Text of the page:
Myanmar is one of the most mysterious countries in Asia. Having been closed off to tourists for a long time, Myanmar is far less discovered than its Southeast Asian neighbours, leaving plenty for intrepid explorers to find. This best of Myanmar guide shows you the most exciting things to see and do in this fascinating country.
Yangon, Myanmar’s capital, is likely where you’ll first come into when you fly to Myanmar. The city serves as a fitting launch pad for the rest of the country, and is a good place to help you get to know the Myanmar way of life. Stop by some of Yangon’s best temples, such as Shwedagon Pagoda or Sule Pagoda, which are beautiful, shimmering structures that will tell you more about Yangon’s history. Some of the city’s holy places are thousands of years old, giving you a glimpse into Yangon’s, and country’s, interesting past.
If you like markets, visit Bogyoke Market in Yangon, which is in a colonial style building that houses hundreds of stalls selling handmade products from all over Myanmar. This is a great place to pick up gifts and souvenirs to remind you of your time in Myanmar.
Since Myanmar re-opened its border, pictures of hot air balloons gliding over the sun-drenched temples of Bagan have spread far and wide over the internet. This site has become one of those bucket list experiences for travellers in Southeast Asia, and for good reason.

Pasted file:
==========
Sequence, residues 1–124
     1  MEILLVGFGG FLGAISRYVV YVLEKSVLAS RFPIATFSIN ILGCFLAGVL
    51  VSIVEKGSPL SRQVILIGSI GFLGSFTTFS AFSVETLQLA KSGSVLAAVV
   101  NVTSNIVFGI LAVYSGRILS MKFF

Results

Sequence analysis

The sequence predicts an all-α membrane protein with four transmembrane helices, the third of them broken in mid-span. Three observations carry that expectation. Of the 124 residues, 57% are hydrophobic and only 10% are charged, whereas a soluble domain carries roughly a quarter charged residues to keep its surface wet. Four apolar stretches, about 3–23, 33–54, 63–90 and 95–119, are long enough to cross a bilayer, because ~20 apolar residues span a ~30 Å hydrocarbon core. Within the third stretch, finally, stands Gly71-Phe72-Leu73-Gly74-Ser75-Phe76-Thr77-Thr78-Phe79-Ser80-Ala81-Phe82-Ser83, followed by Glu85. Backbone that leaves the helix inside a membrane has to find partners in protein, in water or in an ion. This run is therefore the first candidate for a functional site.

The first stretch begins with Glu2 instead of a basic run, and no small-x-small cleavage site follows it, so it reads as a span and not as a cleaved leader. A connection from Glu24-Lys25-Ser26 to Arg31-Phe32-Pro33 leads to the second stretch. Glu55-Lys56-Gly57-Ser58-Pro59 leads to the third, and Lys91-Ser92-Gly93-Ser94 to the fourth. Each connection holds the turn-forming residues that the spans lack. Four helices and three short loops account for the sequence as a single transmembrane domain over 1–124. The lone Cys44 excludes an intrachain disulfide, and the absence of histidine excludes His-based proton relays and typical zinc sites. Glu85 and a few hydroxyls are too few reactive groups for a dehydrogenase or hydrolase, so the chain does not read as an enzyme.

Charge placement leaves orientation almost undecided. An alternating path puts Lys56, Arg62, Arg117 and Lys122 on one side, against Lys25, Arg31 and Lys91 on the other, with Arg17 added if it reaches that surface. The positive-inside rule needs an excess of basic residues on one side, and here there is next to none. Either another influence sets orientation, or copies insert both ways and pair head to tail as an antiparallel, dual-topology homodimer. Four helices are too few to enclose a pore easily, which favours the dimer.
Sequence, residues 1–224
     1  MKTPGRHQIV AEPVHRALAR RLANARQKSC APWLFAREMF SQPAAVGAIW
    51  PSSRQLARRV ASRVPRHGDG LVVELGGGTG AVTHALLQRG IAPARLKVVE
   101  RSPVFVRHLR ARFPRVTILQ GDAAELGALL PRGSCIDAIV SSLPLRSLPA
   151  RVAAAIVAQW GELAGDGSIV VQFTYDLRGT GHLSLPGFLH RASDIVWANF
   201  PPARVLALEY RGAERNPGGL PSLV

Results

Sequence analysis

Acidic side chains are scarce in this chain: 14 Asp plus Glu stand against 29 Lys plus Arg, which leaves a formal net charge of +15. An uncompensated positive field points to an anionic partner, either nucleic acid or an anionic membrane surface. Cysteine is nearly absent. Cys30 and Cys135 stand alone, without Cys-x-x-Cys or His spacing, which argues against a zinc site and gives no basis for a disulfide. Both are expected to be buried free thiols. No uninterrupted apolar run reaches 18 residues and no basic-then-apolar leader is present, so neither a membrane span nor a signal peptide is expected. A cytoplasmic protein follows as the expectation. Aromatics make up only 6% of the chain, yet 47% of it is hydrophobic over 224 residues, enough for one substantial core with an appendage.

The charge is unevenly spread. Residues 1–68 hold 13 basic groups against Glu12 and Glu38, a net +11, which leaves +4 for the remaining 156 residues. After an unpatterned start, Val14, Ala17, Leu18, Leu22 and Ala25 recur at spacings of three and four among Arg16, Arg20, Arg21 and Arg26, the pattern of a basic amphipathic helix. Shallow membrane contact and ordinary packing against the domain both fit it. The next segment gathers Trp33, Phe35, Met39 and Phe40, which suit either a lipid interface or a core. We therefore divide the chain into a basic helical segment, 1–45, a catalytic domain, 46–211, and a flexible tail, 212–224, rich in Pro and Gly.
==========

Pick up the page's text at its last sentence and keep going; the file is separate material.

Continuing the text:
There are more than 2,000 temples at Bagan, around half of the original number that were here before an earthquake tore them away hundreds of years ago. These remnants of a civilisations gone by are one of the essential things to do in Myanmar, and as they haven’t been on the radar for very long they are relatively untouched by tourism.
You’ll find Pindaya Cave deep in the heart of Myanmar. The most striking thing about this cavern is that it’s filled with thousands of Buddha statues – the earliest is thought to date back to the mid-18th century. This is a spectacular sight to behold, and makes you think of how many Buddhists have made their way here to leave their own statue in the cave to add to the collection. To reach the cave, walk 45 minutes from nearby Pindaya town centre, a peaceful stroll that will take you through some beautiful natural scenery.
Fishermen holding giant basket nets, perched one-footed on the edge of a boat, is an iconic picture of Myanmar. This unmissable sight occurs on Inle Lake, a 13.5 mile long freshwater lake in Myanmar’s Shan Hills. Here you can stay in bungalows on stilts, visit Buddha temples that look like they’ve emerged up from the water, and witness a rural life preserved in time.
It’s a peaceful, poignant spot in Myanmar that has not yet been overrun with tourism, so go while you can to see it before people arrive in droves. Stay here for a couple of days to immerse yourself, and get to know the local people around you.
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